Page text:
However, and you knew I was going to bring up the “however” adverb! Equating what normally is the care-free, and bright-sunshine attitude of previous years to where we are this year, at this stage in the pandemic, is simply not appropriate and could be dangerous. There are still many unknowns about how SARS-CoV-2 may change with the seasonal transitions, not just within the northern hemisphere where we are coming out of winter and into spring and warmer weather, but also minding how will the seasonal changes affect the southern hemisphere, where the temperature changes go from warmer to cooler at this time of year. There are also questions remaining about how different cities and nations are implementing the various step-wise stages of coming out of the strict physical distancing parameters, which helped limit the size of the surge of infection. Will certain districts and cities experience a second wave of infectious spread? Will citizens be able and willing to go back into physical distancing status if needed? Those and many other questions are still left unanswered presently, and it’s too difficult to forecast with the limited data we have at this stage, in early May of 2020.

Having said that, I still want to bring back the sense of positive momentum we are presently experiencing. From a bird’s eye view point: We the people of this planet, united, are more informed, have a better handle over, and are able to deal with the Covid-19 crisis today much better than we were a couple of months ago. Together we can and will progress into the desired advantageous state of preparedness and better reaction to SARS-CoV-2 infection, and resulting disease, this is a fact. We just need to continue to investigate, learn, and plan appropriate steps to take, so that we can all safely reduce the dangers that still are posed by the virus, and take note and find ways to reduce the pain and loss that our communities have experienced so far, and moving forward. Only through those careful steps, and planning ahead, would we really feel like “spring is in the air”, and not a minute before then! Be safe, stay healthy, and care for one another.

“The views, opinions and positions expressed within this blog are those of the author(s) alone and do not represent those of the American Heart Association. The accuracy, completeness and validity of any statements made within this article are not guaranteed. We accept no liability for any errors, omissions or representations. The copyright of this content belongs to the author and any liability with regards to infringement of intellectual property rights remains with them. The Early Career Voice blog is not intended to provide medical advice or treatment. Only your healthcare provider can provide that. The American Heart Association recommends that you consult your healthcare provider regarding your personal health matters. If you think you are having a heart attack, stroke or another emergency, please call 911 immediately.”

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COVID-19: The Road to Recovery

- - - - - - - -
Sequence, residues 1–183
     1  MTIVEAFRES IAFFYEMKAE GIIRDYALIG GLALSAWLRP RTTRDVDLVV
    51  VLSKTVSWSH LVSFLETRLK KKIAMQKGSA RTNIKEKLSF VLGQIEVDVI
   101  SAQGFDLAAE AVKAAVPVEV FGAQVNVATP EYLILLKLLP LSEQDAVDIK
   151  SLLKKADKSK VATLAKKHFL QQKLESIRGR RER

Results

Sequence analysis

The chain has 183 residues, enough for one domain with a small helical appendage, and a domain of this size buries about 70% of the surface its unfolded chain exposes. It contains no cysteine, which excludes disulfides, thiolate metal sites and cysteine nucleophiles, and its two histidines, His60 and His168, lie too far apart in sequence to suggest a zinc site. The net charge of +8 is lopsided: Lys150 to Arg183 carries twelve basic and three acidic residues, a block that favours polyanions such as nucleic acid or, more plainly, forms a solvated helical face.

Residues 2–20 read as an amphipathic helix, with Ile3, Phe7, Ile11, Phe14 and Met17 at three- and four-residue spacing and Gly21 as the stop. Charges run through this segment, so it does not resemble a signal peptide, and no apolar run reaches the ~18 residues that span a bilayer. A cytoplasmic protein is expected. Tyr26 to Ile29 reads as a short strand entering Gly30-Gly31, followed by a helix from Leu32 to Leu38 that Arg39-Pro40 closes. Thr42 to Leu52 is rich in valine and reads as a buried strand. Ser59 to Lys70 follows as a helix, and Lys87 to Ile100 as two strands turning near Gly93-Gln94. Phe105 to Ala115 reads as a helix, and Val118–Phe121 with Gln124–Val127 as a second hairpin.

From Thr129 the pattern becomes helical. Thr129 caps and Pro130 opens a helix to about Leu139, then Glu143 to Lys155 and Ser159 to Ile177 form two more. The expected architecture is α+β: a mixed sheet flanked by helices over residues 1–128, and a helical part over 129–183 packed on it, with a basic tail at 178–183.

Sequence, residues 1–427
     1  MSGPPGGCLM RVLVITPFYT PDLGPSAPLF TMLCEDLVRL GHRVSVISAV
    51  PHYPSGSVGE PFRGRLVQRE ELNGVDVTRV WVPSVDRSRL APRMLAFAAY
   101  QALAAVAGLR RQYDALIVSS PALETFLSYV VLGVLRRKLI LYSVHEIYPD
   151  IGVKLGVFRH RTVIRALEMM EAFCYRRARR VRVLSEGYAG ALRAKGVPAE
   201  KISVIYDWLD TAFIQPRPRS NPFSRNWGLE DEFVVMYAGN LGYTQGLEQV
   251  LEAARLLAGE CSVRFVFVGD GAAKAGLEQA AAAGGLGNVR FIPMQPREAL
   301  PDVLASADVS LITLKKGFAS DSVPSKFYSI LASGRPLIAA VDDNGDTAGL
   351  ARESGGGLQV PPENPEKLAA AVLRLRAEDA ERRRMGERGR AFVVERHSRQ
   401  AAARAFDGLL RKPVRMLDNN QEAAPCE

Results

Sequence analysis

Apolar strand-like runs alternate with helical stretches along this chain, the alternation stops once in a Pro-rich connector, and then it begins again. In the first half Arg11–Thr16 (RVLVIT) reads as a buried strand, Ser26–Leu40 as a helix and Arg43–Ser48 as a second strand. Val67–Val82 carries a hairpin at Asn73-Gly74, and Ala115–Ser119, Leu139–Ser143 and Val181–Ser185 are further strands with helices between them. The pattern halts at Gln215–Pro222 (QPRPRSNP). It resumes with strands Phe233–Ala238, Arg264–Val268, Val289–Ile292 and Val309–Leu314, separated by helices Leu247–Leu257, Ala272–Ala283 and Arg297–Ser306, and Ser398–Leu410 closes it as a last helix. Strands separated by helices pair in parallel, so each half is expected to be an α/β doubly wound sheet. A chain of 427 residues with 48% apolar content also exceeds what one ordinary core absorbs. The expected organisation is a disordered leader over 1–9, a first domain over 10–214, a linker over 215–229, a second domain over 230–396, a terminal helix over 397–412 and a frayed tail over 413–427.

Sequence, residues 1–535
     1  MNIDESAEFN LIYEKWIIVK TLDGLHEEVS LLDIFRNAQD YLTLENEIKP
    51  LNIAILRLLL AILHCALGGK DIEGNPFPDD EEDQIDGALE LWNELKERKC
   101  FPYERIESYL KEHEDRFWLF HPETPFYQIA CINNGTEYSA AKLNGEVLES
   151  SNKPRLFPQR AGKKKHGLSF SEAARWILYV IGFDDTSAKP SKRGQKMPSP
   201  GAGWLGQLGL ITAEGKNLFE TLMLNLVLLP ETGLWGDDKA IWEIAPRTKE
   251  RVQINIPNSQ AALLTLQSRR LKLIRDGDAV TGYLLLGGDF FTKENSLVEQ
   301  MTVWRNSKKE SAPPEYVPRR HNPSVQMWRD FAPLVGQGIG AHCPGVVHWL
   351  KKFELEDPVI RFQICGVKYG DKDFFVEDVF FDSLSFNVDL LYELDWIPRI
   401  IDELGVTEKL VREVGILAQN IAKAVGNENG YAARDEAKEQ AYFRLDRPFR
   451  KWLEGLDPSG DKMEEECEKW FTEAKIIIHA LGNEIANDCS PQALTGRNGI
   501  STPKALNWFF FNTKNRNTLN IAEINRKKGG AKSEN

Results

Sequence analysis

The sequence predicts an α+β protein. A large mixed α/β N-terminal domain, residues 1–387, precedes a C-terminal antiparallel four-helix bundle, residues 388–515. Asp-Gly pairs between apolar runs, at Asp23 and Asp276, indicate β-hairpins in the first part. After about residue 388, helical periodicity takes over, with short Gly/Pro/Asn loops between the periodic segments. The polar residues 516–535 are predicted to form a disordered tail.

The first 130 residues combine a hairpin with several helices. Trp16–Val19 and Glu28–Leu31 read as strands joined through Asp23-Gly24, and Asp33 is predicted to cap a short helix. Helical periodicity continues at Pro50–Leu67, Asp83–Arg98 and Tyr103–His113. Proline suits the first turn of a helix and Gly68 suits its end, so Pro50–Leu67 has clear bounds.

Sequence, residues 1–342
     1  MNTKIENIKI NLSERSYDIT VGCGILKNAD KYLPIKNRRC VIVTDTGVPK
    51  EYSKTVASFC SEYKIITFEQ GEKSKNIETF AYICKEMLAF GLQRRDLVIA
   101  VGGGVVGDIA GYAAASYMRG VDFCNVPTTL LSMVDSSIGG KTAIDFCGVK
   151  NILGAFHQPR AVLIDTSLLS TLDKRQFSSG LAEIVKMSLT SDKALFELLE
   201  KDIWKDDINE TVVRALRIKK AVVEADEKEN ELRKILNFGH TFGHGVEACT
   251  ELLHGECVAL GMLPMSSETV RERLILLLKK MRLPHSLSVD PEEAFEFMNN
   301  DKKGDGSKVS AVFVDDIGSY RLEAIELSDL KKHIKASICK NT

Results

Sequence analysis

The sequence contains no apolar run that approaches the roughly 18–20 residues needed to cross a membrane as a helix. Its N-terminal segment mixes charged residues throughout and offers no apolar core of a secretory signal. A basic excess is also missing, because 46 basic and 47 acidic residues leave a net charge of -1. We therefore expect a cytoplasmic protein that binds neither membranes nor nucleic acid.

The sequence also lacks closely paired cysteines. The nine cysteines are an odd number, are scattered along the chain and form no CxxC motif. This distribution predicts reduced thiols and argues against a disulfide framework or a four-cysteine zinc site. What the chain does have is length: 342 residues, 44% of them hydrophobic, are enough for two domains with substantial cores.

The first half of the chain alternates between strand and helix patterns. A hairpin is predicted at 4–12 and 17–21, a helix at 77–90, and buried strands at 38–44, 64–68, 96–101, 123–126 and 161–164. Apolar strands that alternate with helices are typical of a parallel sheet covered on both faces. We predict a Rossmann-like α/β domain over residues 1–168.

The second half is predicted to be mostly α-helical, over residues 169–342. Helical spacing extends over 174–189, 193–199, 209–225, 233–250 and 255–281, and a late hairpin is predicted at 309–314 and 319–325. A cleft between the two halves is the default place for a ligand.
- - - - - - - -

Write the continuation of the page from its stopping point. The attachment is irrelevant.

The disruption COVID-19 has caused globally is nothing short of mind-blowing and extremely fatiguing. On a daily basis, new information is released about economic declines, healthcare burdens, and the ever-changing social distancing norms. Across the US, there are varying degrees of social distancing, shelter-in-place recommendations, and acceptance from the community on steps going forwards. We have recently seen protests to open the country and at times horrific images from the community we are trying to protect. No matter where you may stand on these issues, we can agree the road to recovery from this pandemic for America will be long and challenging. The work going forward will require continued teamwork to keep Americans healthy. Here are a few of my thoughts, in no particular order, that we should keep in mind.

  • Pediatric population: the recent decline in outpatient availability has reduced primary care milestones. Many children are delayed in getting their vaccinations as a result of COVID-19. Plans of efficiently having children receive their vaccinations will be instrumental, especially those who will be of school age.
  • Elective procedures: during this pandemic, in efforts to reduce potential exposure various procedures have been postponed. All across medicine, we have delayed elective cardiac catheterizations, ablations, numerous surgeries, and even radiological imaging. Some institutions have started to plan to have extended operating room hours or even full surgical days on the weekend. All divisions will have to consider the same to be able to catch up with the outpatient procedures. Of course, a tremendous amount of resources will need to be dedicated to this endeavor which adds another layer of complexity.
  • Future clinic visits: something we will have to keep in mind is if we will have clinic days where we only see COVID-19 positive patients. Keeping patients in the waiting rooms safe from potential sources of infection will be of utmost importance. Many epidemiologists believe there will be a second surge but it’s hard to predict it’s impact. Of course, the challenge in America is the lack of universal testing therefore there can be patients who have COVID-19 but were never identified.